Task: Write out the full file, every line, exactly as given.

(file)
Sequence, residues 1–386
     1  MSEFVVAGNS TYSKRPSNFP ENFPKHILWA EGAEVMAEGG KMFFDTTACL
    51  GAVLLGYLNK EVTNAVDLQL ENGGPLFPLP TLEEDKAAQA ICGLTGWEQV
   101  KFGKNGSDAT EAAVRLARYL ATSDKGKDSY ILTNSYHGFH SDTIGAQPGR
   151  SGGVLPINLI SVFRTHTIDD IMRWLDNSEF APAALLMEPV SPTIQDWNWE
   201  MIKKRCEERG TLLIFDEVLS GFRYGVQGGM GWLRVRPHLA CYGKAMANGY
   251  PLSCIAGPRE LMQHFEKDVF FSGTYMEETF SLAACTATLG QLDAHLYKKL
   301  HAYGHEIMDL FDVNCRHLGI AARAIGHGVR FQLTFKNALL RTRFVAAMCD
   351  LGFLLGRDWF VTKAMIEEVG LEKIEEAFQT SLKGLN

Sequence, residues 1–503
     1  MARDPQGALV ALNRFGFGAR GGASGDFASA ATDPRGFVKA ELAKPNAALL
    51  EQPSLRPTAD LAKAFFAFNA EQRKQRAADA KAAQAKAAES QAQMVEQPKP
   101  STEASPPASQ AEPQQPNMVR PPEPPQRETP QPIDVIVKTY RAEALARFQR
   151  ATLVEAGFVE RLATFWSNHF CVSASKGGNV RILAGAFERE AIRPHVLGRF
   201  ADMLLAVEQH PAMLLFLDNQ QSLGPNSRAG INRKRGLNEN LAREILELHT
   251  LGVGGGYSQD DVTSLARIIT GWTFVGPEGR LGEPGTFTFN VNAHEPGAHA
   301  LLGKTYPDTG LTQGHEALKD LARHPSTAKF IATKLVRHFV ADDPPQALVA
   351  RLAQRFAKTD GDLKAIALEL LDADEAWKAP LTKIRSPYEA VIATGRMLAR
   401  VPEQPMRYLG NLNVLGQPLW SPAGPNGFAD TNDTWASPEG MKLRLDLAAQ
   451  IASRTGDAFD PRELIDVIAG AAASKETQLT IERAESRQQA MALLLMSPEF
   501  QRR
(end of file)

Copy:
Sequence, residues 1–386
     1  MSEFVVAGNS TYSKRPSNFP ENFPKHILWA EGAEVMAEGG KMFFDTTACL
    51  GAVLLGYLNK EVTNAVDLQL ENGGPLFPLP TLEEDKAAQA ICGLTGWEQV
   101  KFGKNGSDAT EAAVRLARYL ATSDKGKDSY ILTNSYHGFH SDTIGAQPGR
   151  SGGVLPINLI SVFRTHTIDD IMRWLDNSEF APAALLMEPV SPTIQDWNWE
   201  MIKKRCEERG TLLIFDEVLS GFRYGVQGGM GWLRVRPHLA CYGKAMANGY
   251  PLSCIAGPRE LMQHFEKDVF FSGTYMEETF SLAACTATLG QLDAHLYKKL
   301  HAYGHEIMDL FDVNCRHLGI AARAIGHGVR FQLTFKNALL RTRFVAAMCD
   351  LGFLLGRDWF VTKAMIEEVG LEKIEEAFQT SLKGLN

Sequence, residues 1–503
     1  MARDPQGALV ALNRFGFGAR GGASGDFASA ATDPRGFVKA ELAKPNAALL
    51  EQPSLRPTAD LAKAFFAFNA EQRKQRAADA KAAQAKAAES QAQMVEQPKP
   101  STEASPPASQ AEPQQPNMVR PPEPPQRETP QPIDVIVKTY RAEALARFQR
   151  ATLVEAGFVE RLATFWSNHF CVSASKGGNV RILAGAFERE AIRPHVLGRF
   201  ADMLLAVEQH PAMLLFLDNQ QSLGPNSRAG INRKRGLNEN LAREILELHT
   251  LGVGGGYSQD DVTSLARIIT GWTFVGPEGR LGEPGTFTFN VNAHEPGAHA
   301  LLGKTYPDTG LTQGHEALKD LARHPSTAKF IATKLVRHFV ADDPPQALVA
   351  RLAQRFAKTD GDLKAIALEL LDADEAWKAP LTKIRSPYEA VIATGRMLAR
   401  VPEQPMRYLG NLNVLGQPLW SPAGPNGFAD TNDTWASPEG MKLRLDLAAQ
   451  IASRTGDAFD PRELIDVIAG AAASKETQLT IERAESRQQA MALLLMSPEF
   501  QRR